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The Philips 42PFL6007T inevitably sports a 1080p Full HD resolution, illuminated - as is evident from its slimness - by an edge LED lighting array. This doesn't feature any local dimming, but it's still got plenty of potential, driven as it is by Philips' Pixel Precise HD processing engine.
Even though Pixel Precise HD only sits on the second rung of Philips' current TV processing ladder, it's still vastly powerful by mid-range TV standards, enabling it to work in real time on almost every tiny facet of a TV's picture.
Among its most intriguing tools are its motion processing (the set offers a 400Hz-type system delivered through a combination of a 100Hz native panel, backlight scanning and frame interpolation), various dynamic contrast settings and all sorts of adjustments (including edge enhancement, a sharpness booster and multiple noise reduction systems) for fine tuning the picture's crispness.
Some people will find the thought of the sort of processing power rather sinister. And it has to be said that if you're not pretty careful some elements of the TV's processing can quickly become overbearing, causing pictures to look very unnatural.
However, the key point here is that Philips enables you to adjust the power or turn off almost every facet of the Pixel Precise HD engine, so with a bit of work you should be able to get something pretty accurately matched to your individual tastes.
The Philips 42PFL6007T's connections are impressive for a mid-range 42-inch TV. Its four HDMI inputs should be enough to cater for even an ambitious home entertainment system, while even the most demanding of multimedia users should be left feeling satisfied by the television's trio of USBs, D-Sub PC input, LAN jack and built-in Wi-Fi.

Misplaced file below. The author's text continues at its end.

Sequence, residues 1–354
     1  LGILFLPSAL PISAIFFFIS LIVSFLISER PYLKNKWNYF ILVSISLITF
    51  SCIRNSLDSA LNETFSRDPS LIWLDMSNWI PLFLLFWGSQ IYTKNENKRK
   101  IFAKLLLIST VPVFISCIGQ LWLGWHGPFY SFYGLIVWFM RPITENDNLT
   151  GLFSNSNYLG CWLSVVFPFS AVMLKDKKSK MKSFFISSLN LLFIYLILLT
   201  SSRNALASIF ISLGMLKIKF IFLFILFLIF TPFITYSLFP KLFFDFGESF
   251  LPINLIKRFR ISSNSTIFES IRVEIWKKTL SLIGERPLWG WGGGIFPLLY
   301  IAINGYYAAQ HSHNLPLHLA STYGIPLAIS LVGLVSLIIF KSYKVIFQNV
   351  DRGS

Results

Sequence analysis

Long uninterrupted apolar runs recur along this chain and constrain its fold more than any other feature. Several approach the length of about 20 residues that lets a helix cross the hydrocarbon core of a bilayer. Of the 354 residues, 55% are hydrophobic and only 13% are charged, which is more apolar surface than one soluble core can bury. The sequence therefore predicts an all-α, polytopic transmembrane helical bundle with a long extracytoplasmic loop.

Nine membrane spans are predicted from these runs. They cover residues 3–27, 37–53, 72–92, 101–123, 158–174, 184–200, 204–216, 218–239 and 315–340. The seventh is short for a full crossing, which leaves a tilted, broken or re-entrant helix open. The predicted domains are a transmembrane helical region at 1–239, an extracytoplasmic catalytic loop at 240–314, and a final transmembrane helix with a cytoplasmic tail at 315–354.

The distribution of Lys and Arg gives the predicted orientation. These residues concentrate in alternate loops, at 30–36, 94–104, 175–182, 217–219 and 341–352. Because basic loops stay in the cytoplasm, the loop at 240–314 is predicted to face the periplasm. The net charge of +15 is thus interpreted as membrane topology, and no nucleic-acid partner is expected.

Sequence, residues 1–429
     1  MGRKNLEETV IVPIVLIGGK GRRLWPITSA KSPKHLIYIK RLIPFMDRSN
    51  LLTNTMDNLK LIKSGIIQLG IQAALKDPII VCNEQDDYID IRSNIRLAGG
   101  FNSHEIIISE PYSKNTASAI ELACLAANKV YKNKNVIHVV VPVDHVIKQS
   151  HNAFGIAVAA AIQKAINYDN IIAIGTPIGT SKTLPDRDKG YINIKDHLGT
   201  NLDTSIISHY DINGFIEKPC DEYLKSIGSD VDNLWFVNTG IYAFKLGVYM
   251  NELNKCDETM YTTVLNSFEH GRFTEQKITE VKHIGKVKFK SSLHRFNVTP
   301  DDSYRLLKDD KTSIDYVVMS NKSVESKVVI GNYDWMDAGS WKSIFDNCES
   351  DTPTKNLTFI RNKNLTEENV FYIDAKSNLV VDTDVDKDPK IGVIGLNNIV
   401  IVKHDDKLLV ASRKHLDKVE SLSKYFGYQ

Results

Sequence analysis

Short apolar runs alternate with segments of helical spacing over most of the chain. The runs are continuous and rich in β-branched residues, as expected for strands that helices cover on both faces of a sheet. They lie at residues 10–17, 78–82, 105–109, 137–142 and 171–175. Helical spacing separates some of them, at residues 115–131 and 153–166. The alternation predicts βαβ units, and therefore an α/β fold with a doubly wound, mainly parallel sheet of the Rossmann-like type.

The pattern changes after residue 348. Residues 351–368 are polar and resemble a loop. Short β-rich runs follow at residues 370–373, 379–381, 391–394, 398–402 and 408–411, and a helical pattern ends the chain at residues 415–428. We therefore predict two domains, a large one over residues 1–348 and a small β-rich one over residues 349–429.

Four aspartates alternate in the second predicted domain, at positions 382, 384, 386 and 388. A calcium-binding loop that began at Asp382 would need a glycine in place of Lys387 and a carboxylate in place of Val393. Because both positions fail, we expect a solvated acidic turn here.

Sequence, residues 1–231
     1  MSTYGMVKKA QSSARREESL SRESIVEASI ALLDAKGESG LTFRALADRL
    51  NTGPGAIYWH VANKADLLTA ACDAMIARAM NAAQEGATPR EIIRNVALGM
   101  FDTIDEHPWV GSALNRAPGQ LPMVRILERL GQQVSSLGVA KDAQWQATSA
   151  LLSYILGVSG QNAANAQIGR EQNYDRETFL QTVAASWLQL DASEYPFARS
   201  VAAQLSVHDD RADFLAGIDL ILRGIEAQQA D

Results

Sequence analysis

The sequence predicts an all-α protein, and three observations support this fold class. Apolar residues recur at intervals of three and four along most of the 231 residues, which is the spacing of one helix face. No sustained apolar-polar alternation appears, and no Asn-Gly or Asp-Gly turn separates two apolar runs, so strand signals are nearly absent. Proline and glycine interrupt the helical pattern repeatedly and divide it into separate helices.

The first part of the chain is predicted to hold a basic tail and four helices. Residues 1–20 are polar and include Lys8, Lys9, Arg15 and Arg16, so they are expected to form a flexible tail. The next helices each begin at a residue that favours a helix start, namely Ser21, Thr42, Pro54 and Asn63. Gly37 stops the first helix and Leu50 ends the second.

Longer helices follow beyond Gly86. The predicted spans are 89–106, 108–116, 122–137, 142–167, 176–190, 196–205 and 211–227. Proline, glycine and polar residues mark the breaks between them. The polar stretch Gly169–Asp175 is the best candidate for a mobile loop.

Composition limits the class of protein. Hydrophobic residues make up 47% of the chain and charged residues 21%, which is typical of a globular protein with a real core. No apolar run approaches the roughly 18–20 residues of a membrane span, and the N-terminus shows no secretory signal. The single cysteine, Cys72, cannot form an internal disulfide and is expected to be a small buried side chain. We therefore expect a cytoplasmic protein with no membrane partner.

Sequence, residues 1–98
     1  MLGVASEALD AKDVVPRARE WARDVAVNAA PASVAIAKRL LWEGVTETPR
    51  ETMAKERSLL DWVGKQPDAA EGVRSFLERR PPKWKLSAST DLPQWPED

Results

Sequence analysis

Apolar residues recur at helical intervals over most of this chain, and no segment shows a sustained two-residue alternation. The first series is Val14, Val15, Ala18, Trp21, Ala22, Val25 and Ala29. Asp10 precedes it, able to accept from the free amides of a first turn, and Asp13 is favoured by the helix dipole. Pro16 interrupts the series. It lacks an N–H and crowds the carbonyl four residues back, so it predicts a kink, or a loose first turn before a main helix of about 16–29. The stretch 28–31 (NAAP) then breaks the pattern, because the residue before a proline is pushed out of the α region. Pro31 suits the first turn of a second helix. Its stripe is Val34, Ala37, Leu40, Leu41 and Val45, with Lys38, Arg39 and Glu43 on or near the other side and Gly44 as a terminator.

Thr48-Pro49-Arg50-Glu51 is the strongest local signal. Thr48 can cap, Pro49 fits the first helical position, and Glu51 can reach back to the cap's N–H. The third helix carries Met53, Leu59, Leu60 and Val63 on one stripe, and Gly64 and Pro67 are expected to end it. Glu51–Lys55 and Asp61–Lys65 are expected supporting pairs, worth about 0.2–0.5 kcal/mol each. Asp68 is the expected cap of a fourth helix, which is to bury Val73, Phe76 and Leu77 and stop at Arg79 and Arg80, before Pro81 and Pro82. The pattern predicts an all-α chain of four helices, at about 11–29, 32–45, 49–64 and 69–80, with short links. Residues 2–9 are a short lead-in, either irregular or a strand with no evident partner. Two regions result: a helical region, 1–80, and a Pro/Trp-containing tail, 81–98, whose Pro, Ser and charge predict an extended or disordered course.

Especially given that the TV is able to handle an unusually wide range of video, photo and music file formats from both USB storage devices or a networked MAC/DLNA PC.
The only area of disappointment where the Philips 42PFL6007T's multimedia features are concerned is the rather slender content level of Philips' latest smart TV online service.
The only services provided that we could imagine many UK users getting much out of are Blinkbox, Acetrax, Facebook, Twitter, a web browser and BBC iPlayer.
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It is of course important to stress that as with all online TV services, the Philips platform can be constantly updated with new services. But it will need a heck of a lot of updates before it hits anywhere near the same sort of content levels offered by Sony, Panasonic, LG and Samsung.
The last feature to touch upon here is 3D. Philips caters for both passive and active 3D fans in its current range, and follows the fairly traditional pattern of seeing active tech as the 'premium' option for its high-end TVs, and passive as the way to go for its more affordable models.
So it's no surprise to find the mid-range Philips 42PFL6007T sporting the passive 3D flavour - a fact that handily finds it shipping with four pairs of free 3D glasses.